So you want to make pullout posters using Broadsheets or Tabloids
We often get asked the question “can I make pullout posters from Broadsheets or Tabloids… and if so how?” To some of you, this may be a question that never popped into your mind, to others you may have no clue what we’re talking about. Well, we thought it would be handy to answer the key questions and explain the best way to set up your artwork. With any luck, we can inspire you to try out this nifty technique and start creating your own beautiful pullout posters.
What are pullout posters?
Because newsprint isn’t stitched (stapled) down the spine. A pullout poster is essentially a section of the publication that readers can remove, unfold and use as a large poster.
Traditionally the centre spread is the best place to do this as it’s obvious to the reader and you can see the whole poster without pulling apart the publication.
Another favourite location is across the inside front and back cover pages, meaning you can remove the cover and have an awesome poster on the reverse!
Of course, it doesn’t just stop there, some people go the whole hog and make pullout poster spreads across every sheet, and in honesty, we think this is really neat!
I’m Sold, now how do I set up my artwork?
Your artwork still needs to be supplied to us in the same format (single page .pdf) so saving your .pdf as spreads and trying to upload them just doesn’t cut it.
The easiest way to get your head around the concept is pretty simple and only involves some A4 sheets of paper and a pen. So here it goes, follow our 5 simple steps to success.
Decide on the number of pages you want your publication to be and select the appropriate amount of sheets of A4 paper. Eg. for a 20 printed page publication you would require 5 sheets of A4, stacked and folded in half. This would mean the maximum amount of posters you could have would be 10 (double sided) or 5 (single sided).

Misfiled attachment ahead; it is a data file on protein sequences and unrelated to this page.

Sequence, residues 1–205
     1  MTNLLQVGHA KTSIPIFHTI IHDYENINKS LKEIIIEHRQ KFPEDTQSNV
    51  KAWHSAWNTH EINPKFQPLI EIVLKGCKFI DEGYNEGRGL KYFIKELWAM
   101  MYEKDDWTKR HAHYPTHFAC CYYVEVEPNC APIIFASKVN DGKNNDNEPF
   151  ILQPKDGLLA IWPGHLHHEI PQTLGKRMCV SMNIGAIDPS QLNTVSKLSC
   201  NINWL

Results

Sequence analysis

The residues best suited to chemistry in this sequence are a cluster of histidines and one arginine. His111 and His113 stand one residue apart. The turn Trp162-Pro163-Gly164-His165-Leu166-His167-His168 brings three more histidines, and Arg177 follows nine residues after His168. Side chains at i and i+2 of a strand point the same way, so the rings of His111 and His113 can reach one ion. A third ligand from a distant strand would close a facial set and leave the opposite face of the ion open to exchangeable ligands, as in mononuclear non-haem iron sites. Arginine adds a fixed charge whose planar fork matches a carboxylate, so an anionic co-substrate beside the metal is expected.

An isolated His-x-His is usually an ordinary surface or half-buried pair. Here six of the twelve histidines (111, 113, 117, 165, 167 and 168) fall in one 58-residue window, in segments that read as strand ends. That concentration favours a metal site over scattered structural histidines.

Side note: Doing this process will also make it obvious to people who have always wondered why we ask for page multiples of 4.
Now that you essentially have an A5 version of your 20-page publication we need to number each page. Using your pen number each page in order. We personally find it easier to put a large page number slap bang in the middle of the page, but you may want to sketch out some spread designs while doing this, we’ll leave that bit up to you!
You should now have a loosely bound publication with a running order of page numbers. The next step… take it apart! By laying each sheet out in front of you it’s now obvious to see which two pages make up a single spread.
In this case, you can see the page pairings for your pullout posters would be; 1-20, 2-19, 3-18, 4-17, 5-16, 6-15, 7-14, 8-13, 9-12, 10-11.
Using your favourite design tool (we will be talking from the perspective of using InDesign) you can start to lay out your spreads. Knowing what you now know about how the pages will sit, you can essentially cut your poster artwork in half placing each half of the artwork on the corresponding page number. Eg. to create a poster on the inside covers you would place half the artwork on page 2 and the other half on page 19 ensuring it runs up to the spine.
Well now you have an InDesign file that doesn’t make perfect sense when you see it on screen but as soon as you print it, that’s when the magic happens. Now upload your artwork and voila you are left with a series of pullout posters!
Hopefully, this helps you to not only understand how to make the most of the technique but to also appreciate how each page sits across each folded sheet.
Using this technique of mapping out your pages also helps with alignment issues when printing double page spreads across pages that don’t sit on the same sheet of paper and makes it easier to understand why this happens.
So is there anything else I should know?
For our digital print techniques, this works a charm. If you have decided to move up to the big leagues and print with large volumes it’s always best to have a chat with us first. Printing litho runs in this way involves using different types of plates and can sometimes only be done on certain spreads.
The moral of the story, if you ever have any questions about your artwork, please get in touch!
We hope this brief tutorial helped, happy printing…